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Bronchitis causes your airways (bronchi) to become irritated and inflamed, producing more mucus and a cough.

Bronchitis causes your airways (bronchi) to become irritated and inflamed, producing more mucus and a cough.
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What is bronchitis?

Bronchitis is inflammation of the larger airways in your lungs the inflammation causes you to cough.

Acute bronchitis is usually caused by a viral infection, such as cold viruses or influenza virus.

Chronic bronchitis is usually related to smoking.

Most people with acute bronchitis will feel better with time and rest. There are some treatments available that may help to help ease your cough and other symptoms.

If you think you have bronchitis, your doctor can assess you and discuss treatment.

What are the symptoms of bronchitis?

Someone with bronchitis will have a cough (either dry or bringing up phlegm). The cough may last for 2 to 3 weeks in people with acute bronchitis.

Other symptoms of bronchitis may include:

CHECK YOUR SYMPTOMS — Use the Symptom Checker and find out if you need to seek medical help.

What causes bronchitis?

Mostly, bronchitis is caused by viruses. These can be spread through the air when someone coughs.

You can also catch viruses if you touch a surface with virus on it (for example, a doorknob) and then touch your eyes, nose or mouth.

Sometimes bronchitis may be caused by a bacterial infection.

What can increase your risk of getting bronchitis?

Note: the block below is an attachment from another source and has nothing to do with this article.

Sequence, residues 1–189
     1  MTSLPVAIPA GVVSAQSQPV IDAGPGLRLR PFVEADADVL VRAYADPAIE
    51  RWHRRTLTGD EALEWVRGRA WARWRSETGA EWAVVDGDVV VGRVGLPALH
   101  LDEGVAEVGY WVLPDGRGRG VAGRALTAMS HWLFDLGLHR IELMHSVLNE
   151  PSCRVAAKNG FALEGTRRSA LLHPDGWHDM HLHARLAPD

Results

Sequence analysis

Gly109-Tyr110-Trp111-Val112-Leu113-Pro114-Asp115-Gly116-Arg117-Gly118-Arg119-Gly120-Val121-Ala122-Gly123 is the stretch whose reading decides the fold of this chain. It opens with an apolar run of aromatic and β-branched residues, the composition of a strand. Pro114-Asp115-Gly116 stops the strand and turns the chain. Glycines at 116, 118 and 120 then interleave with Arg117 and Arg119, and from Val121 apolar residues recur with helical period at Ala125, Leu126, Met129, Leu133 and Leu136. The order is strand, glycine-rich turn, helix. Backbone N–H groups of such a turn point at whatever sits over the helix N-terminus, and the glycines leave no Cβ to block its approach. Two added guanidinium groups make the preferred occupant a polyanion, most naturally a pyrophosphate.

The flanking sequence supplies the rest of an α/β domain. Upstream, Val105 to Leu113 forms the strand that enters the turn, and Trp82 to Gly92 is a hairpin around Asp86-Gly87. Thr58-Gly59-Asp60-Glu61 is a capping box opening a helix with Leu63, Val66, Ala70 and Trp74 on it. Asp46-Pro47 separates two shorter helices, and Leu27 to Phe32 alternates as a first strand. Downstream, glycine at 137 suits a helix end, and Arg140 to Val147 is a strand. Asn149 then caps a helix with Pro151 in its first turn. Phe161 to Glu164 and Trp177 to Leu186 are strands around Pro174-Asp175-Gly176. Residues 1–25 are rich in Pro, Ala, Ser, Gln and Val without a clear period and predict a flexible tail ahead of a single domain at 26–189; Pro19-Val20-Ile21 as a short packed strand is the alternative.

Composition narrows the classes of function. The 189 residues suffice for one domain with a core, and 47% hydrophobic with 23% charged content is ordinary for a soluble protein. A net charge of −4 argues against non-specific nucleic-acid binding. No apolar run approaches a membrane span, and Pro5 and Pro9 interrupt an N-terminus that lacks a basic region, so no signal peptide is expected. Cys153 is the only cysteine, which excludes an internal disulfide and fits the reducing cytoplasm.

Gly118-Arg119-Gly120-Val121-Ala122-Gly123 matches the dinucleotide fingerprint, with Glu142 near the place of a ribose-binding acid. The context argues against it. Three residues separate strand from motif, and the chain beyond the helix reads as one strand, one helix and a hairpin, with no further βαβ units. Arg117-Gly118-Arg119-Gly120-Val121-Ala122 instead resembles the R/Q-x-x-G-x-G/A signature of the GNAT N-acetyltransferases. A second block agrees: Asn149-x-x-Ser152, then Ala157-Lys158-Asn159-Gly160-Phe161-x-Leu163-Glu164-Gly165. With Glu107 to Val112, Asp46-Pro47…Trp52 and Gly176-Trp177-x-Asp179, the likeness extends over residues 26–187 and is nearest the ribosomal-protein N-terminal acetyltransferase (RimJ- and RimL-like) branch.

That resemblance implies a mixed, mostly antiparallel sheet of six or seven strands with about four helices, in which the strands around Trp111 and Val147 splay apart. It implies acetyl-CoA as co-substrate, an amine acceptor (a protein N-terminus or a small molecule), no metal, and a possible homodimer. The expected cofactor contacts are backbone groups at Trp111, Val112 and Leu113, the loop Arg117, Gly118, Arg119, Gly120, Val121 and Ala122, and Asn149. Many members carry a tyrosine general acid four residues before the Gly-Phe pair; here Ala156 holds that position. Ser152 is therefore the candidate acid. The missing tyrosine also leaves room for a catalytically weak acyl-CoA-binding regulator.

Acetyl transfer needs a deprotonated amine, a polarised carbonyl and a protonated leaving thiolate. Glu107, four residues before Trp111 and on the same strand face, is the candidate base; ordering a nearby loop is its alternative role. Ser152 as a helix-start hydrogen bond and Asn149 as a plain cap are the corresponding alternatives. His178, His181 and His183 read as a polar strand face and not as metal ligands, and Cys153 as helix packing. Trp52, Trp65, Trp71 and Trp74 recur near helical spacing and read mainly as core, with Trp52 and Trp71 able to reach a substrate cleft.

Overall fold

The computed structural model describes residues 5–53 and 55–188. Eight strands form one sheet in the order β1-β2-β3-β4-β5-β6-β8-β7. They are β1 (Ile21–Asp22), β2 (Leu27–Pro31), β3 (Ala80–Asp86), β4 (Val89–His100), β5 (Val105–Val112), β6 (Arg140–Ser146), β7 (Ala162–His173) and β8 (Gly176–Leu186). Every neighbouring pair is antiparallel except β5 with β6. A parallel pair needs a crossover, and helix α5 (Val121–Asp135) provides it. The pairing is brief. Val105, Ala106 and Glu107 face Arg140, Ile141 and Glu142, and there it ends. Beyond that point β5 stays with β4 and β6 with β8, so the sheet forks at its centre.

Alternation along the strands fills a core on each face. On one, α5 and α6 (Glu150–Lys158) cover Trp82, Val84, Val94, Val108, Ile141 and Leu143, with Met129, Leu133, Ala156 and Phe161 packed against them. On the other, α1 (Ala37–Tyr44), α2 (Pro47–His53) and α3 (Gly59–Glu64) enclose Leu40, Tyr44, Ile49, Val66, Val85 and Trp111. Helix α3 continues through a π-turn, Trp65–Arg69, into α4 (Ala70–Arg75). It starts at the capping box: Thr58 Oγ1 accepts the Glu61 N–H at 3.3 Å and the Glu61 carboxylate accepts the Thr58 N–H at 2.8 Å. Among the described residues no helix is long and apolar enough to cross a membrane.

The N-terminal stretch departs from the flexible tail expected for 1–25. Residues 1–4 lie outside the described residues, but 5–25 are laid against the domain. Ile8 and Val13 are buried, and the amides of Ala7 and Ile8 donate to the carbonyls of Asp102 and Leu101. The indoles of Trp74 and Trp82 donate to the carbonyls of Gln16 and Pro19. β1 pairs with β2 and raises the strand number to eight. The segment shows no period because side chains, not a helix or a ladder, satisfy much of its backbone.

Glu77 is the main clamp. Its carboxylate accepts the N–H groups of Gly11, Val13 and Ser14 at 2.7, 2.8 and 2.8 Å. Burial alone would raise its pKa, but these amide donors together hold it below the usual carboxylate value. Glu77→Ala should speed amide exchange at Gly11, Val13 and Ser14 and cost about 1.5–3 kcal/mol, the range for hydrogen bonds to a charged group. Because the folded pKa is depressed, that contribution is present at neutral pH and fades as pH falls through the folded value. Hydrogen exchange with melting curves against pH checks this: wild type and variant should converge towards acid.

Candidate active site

People at higher risk of acute bronchitis include:

  • older people
  • young children
  • those breathing in irritating chemicals
  • smokers
  • those with a lung condition, such as asthma
  • those with poor immunity
  • those who haven’t been vaccinated against influenza, pneumococcal disease or whooping cough

When should I see my doctor?

Most people with acute bronchitis will feel better with time and rest.

If you are very unwell or not getting better, or if you get worse, see your doctor. See your doctor if your cough lasts longer than 2 to 3 weeks.

FIND A HEALTH SERVICE — The Service Finder can help you find doctors, pharmacies, hospitals and other health services.

How is bronchitis diagnosed?

Your doctor will ask about your symptoms and perform a physical examination. They will listen to your chest with a stethoscope to check your breathing sounds.

Your doctor may recommend tests, such as a nose and throat swab to find out the cause of your infection.

A chest x-ray is usually not necessary.

How is bronchitis treated?

Bronchitis is most often caused by a virus, so antibiotics won't help. Antibiotics do not kill viruses.

The Australian Commission on Safety and Quality in Health Care has developed a guide which can be used with your doctor to help you decide whether to use antibiotics when you or your child has acute bronchitis.

You can help ease your cough and other symptoms with some self-care measures.

  • Drink plenty of fluids.
  • Get plenty of rest.
  • Take simple pain relief medicines, such as paracetamol or ibuprofen (follow the directions on the label).
  • Take a teaspoon of honey at night, either by itself or in warm water. This can help relieve a cough. Do NOT give honey to children under 12 months of age.
  • Avoid cigarette smoke and other irritants.

Cough medicines are available, but they might or might not help you.

Can bronchitis be prevented?

To reduce the spread of viruses that can cause bronchitis, you should:

If you smoke, cut down or quit to reduce your risk of bronchitis.

What are the complications of bronchitis?

Getting vaccinated against influenza (the flu) and COVID-19 can reduce your risk of having severe illness or complications with these infections.

Pneumonia is a possible complication of bronchitis.

Resources and support

If you need to know more about bronchitis, or to get advice on what to do next, call healthdirect on 1800 022 222 to speak with a registered nurse, 24 hours, 7 days a week.

Learn more here about the development and quality assurance of healthdirect content.

Last reviewed: June 2022

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